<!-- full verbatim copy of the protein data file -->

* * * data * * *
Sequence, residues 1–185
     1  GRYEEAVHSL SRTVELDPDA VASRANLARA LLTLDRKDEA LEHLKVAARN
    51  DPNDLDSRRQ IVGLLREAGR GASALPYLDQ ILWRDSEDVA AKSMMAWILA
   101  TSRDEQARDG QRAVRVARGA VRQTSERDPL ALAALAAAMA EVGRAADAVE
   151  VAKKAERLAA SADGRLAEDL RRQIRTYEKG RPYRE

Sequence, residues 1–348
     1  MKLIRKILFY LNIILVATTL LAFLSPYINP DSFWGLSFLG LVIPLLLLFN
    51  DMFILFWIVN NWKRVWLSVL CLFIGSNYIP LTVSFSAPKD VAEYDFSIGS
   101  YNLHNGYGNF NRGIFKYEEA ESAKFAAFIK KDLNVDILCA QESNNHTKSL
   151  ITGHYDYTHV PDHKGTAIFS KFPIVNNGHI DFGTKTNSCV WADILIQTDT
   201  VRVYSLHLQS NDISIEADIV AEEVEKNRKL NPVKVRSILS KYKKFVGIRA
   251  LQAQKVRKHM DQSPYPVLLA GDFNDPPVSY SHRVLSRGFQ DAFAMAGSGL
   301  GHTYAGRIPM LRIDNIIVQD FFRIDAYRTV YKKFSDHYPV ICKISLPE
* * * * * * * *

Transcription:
Sequence, residues 1–185
     1  GRYEEAVHSL SRTVELDPDA VASRANLARA LLTLDRKDEA LEHLKVAARN
    51  DPNDLDSRRQ IVGLLREAGR GASALPYLDQ ILWRDSEDVA AKSMMAWILA
   101  TSRDEQARDG QRAVRVARGA VRQTSERDPL ALAALAAAMA EVGRAADAVE
   151  VAKKAERLAA SADGRLAEDL RRQIRTYEKG RPYRE

Sequence, residues 1–348
     1  MKLIRKILFY LNIILVATTL LAFLSPYINP DSFWGLSFLG LVIPLLLLFN
    51  DMFILFWIVN NWKRVWLSVL CLFIGSNYIP LTVSFSAPKD VAEYDFSIGS
   101  YNLHNGYGNF NRGIFKYEEA ESAKFAAFIK KDLNVDILCA QESNNHTKSL
   151  ITGHYDYTHV PDHKGTAIFS KFPIVNNGHI DFGTKTNSCV WADILIQTDT
   201  VRVYSLHLQS NDISIEADIV AEEVEKNRKL NPVKVRSILS KYKKFVGIRA
   251  LQAQKVRKHM DQSPYPVLLA GDFNDPPVSY SHRVLSRGFQ DAFAMAGSGL
   301  GHTYAGRIPM LRIDNIIVQD FFRIDAYRTV YKKFSDHYPV ICKISLPE